Mt. Mito 三頭山

Hiked on Dec 12, 2013    May 5, 2024


Mt. Iyo イヨ山 – Mt. Nukazasu ヌカザス山 – Mt. Mito 三頭山

  The floating bridge near the Ogouchi Jinja Bus Stop is temporarily closed due to the declining water level of Lake Okutama. For the latest information about the closure, please refer to the Okutama Visitor Center official site.
  Duration: 5 hours
  Distance: 11.4 km
  Elevation change: 991 metres
  Highest point: 1531‬ metres
  Start: Ogouchi Jinja Bus Stop
  Finish: Kazuma Bus Stop
  Difficulty:   ▅▅▅▅▅▅▅▅▅▅  
  Map: Yama to Kogen Chizu 山と高原地図 [No.25 奥多摩 OKUTAMA]



From a Floating Bridge to Mountain Top

Along with Mt. Gozenyama and Mt. Odake, Mt. Mito 三頭山 is one of the three famous mountains of Okutama. The mountain retains expansive areas of beech trees owing to the fact that the mountain was largely off-limits during the Edo Period. While the main access to the mountain is via Hinohara Tomin no mori 檜原都民の森 on the opposite side of the mountain, this hike follows a route from Lake Okutama.

At Okutama Station, take a bus headed for Miyama 深山橋. Get off at the Ogouchi Jinja bus stop 小河内神社 (30 minutes, 560 yen) alternatively, you can go a few stops further to the Miyamabashi bus stop 深山橋 and hike along the Murokubo Ridge ムロクボ尾根. Either way, both trails meet up at Mt. Nukazasu ヌカザス山 after a couple of hours of walking.

From the Ogouchi Jinja bus stop, mosey across the Lake Okutama floating bridge 奥多摩湖の浮橋 which takes you to the Okutama Circular Road on the opposite side. Once you hit the road, turn right and look for the trailhead veering up to the left, about a five-minute walk. The first section along the Nukazasu Ridge ヌカザス尾根 tracks through ubiquitous plantations, taking around an hour to reach Mt. Iyo イヨ山 (979 m). The next section steepens as you approach Mt. Nukazasu ヌカザス山 (1,175 m). From here to the summit of Mt. Mito (1,531 m), the trail has a noticeably sharper gradient, with ropes available to steady your footing. My hiking companion, whom I met on route, made it to the summit in a little under 3 hours, though we maintained a fairly steady pace.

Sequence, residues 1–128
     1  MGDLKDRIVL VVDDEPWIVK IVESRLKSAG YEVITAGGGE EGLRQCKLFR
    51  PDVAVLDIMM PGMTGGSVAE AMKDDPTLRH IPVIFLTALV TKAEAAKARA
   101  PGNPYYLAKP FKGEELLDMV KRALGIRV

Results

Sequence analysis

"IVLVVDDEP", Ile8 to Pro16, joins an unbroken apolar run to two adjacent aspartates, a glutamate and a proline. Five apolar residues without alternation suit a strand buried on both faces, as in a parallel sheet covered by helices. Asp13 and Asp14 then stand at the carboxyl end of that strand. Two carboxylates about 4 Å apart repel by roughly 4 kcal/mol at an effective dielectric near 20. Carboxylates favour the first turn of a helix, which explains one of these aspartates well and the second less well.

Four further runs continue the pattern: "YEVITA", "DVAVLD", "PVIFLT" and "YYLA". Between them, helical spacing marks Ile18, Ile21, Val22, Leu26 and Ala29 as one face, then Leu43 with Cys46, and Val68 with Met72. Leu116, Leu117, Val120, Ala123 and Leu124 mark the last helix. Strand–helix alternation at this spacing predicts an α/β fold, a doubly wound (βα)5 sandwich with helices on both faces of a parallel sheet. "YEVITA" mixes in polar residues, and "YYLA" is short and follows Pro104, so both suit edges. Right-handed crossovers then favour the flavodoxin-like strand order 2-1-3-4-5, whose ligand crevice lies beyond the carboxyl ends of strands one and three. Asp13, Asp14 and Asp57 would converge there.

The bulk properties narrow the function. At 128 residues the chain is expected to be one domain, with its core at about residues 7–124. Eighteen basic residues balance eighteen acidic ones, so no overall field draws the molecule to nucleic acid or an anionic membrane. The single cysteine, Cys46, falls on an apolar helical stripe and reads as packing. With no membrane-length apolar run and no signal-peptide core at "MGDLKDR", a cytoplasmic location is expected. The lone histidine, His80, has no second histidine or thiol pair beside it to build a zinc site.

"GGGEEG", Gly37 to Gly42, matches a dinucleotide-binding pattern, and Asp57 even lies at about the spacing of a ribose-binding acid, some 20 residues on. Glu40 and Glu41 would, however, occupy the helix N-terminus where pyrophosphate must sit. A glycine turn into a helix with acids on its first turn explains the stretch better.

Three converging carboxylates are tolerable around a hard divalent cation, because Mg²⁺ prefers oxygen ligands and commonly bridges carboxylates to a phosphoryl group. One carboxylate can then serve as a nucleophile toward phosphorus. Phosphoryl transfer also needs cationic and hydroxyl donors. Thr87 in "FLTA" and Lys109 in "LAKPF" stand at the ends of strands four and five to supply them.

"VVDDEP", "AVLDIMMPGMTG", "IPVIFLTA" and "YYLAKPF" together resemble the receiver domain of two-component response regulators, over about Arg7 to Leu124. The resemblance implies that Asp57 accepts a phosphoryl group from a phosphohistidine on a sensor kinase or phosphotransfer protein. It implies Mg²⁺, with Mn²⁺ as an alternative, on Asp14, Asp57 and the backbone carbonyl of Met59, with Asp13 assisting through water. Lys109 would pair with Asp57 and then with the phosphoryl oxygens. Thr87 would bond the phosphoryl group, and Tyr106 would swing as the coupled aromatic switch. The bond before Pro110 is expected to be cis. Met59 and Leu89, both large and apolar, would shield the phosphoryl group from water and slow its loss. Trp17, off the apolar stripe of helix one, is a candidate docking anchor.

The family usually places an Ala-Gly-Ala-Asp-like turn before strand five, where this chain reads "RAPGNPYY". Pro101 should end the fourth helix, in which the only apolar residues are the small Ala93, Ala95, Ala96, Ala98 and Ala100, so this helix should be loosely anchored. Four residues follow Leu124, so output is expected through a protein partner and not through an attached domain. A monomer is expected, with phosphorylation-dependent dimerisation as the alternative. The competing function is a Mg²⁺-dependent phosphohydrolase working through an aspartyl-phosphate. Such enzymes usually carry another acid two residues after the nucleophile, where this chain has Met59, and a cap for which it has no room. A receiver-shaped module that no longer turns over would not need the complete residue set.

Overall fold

Views from the summit include Mt. Fuji and Mt. Kumotori though it is somewhat forested. With the wind having died down, it also made for a good lunch spot with plenty of benches to kick back on. After lunch, I headed down to the Mitosan Refuge Hut 三頭山避難小屋 which is spacious and well-maintained. Nearby, there is a watering hole around a 10-minute walk along the trail towards the Mito Otaki Falls 三頭大滝. The waterfall itself is surprisingly high, cascading some 33 metres, and a suspension bridge allows you to get closer to the action. From the waterfall, head along the tourist trail to the Tokyo Citizen’s Forest, which is the entry point for most sightseers. If you wish to sidestep the Tokyo Citizen’s Forest, there is a minor trail junction about 15 minutes after the falls that shortcuts down to the road hairpin. Take the trail to the right, marked Keyaki-no-michi ケヤキの路.

The final section to the Kazuma bus stop 数馬バス亭 click here follows the river and eventually pops out on the Hinohara Kaido which you stick to downhill for a further 5 minutes for the trip back to Musashi Itsukaichi Station (1hr, 920 yen).